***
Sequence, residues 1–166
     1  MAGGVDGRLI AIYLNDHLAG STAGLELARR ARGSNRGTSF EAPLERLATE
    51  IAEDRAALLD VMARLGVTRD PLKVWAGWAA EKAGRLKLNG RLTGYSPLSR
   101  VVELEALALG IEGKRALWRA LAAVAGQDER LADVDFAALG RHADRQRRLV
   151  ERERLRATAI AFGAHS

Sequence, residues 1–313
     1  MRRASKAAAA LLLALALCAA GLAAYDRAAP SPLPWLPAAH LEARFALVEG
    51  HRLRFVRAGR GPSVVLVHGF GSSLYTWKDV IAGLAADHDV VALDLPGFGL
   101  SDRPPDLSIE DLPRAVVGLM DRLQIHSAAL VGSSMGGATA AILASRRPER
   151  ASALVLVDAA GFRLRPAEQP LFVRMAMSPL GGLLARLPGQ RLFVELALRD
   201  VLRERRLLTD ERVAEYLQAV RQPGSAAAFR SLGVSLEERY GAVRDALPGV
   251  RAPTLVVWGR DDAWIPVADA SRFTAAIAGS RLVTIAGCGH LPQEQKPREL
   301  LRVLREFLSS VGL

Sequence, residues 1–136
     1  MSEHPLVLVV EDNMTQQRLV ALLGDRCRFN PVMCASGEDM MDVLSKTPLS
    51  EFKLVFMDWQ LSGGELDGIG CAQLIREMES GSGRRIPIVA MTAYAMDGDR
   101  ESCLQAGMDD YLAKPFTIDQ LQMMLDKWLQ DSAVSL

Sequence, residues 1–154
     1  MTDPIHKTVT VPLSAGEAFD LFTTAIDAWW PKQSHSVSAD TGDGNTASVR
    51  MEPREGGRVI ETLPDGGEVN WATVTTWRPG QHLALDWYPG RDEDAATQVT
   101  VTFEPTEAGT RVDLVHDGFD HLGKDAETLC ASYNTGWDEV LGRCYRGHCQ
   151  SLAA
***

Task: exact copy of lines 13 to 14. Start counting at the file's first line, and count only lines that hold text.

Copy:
   301  LRVLREFLSS VGL

Sequence, residues 1–136